Choosing an optimal management style will make or break a company’s ability to function. Strong management acts as a glue that keeps all parties in check and enables strong communication at all times. Poor management? Burnout, lack of motivation, high turnover rates, and lots and lots of frowns around the office.
We understand that all businesses are different. There isn’t a one-size-fits-all management style, but there are some pretty good contenders for the spot, And, some pretty bad ones. Below are the best and worst management styles in the office.
As they say, teamwork makes the dream work. The collaborative management style emphasizes the power of collective effort. Regardless of position or job title, everyone in the office is welcomed and encouraged to share their concerns, suggestions, and other ideas.
This management style is an optimal way for higher-ups to retain their decision-making authority without belittling or invalidating the opinions of their team members.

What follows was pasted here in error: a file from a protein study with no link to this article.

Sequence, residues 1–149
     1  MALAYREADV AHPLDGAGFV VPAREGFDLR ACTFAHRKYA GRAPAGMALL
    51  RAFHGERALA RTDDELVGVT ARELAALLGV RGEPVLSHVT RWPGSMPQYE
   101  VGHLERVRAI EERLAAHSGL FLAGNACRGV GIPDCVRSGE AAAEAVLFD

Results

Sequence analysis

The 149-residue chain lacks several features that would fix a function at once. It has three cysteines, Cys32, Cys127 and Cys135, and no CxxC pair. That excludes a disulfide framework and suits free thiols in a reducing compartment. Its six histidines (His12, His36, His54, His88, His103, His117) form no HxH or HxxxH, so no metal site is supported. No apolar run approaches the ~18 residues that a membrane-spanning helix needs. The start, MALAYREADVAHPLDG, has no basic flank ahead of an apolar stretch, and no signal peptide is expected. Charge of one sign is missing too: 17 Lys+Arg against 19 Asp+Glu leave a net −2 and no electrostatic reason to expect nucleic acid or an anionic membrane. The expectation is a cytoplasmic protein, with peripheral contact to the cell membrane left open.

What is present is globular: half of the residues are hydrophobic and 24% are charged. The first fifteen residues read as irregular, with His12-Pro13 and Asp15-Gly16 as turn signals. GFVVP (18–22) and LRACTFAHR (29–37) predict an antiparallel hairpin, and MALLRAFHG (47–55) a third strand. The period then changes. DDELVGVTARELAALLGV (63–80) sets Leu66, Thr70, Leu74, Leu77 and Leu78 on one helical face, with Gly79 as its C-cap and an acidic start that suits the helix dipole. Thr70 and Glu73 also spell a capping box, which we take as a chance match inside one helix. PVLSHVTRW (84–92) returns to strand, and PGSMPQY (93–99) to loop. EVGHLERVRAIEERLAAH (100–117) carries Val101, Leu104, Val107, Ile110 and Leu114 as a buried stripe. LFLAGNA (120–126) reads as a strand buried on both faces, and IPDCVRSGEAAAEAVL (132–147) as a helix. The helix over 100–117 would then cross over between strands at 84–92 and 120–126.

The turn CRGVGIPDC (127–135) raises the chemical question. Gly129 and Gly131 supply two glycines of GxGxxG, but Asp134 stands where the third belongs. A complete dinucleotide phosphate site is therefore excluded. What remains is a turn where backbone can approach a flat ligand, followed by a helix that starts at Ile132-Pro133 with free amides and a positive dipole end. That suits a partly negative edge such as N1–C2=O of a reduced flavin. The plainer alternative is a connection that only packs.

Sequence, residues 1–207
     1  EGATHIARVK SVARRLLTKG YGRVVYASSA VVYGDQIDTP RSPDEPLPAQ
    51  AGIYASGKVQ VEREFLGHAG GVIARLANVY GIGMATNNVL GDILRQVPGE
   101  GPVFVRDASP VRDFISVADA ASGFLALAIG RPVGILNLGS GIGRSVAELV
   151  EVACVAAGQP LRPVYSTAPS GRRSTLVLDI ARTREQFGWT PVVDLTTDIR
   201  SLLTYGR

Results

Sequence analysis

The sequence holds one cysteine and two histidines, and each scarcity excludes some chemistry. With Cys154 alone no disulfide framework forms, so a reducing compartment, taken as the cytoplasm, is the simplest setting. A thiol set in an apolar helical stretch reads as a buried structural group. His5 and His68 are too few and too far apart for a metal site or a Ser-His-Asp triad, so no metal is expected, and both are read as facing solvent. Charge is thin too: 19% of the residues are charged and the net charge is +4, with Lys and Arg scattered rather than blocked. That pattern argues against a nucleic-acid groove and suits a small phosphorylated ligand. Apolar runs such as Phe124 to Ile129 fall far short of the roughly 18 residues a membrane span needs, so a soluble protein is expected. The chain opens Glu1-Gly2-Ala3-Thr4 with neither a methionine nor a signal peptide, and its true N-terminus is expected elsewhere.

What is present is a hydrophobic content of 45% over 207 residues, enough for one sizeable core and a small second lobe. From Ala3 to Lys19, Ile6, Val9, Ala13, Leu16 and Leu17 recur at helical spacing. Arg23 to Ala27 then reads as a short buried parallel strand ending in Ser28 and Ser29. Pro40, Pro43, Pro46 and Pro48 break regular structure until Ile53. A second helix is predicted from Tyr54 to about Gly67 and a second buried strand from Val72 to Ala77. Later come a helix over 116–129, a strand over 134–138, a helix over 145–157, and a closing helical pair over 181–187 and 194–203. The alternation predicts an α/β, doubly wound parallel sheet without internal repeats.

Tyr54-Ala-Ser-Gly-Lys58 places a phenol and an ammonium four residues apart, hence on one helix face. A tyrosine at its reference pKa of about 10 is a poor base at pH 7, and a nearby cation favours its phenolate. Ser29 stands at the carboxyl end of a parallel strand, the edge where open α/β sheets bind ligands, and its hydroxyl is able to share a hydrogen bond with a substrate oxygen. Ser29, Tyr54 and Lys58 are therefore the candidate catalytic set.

Imagine sitting at your desk, and working on something productive. Now, add somebody who’s just starting over your shoulder at everything you do. Folks, that’s a micromanager. The hallmarks of a micromanager management approach are control and scrutiny. They want to control and be filled in on every single aspect of an employee’s job. This isn’t always a bad thing, but micromanagers tend to be extreme.
The result? Chronically stressed employees that feel that they have no power to make their own decisions.
Most of the time, we’d rather not be working – it’s true. Work might feel like a necessity, but the visionary management style changes this. A visionary manager communicates a greater purpose and direction to employees. With this vision set in stone, employees will stay on track and invest more effort to make this vision come true. Team members will also feel a greater sense of comradery in the office.
The polar opposite of the micromanager style is the Laissez-faire management style. In French, Laissez-faire can be translated to “allow to do”. Managers who endorse Laissez-faire are extremely hands-off and interact minimally in employee activities. Since managers aren’t holding their employees accountable, some employees will start slacking and take the easy road. As a result, this could cause serious damage to your company both internally and externally.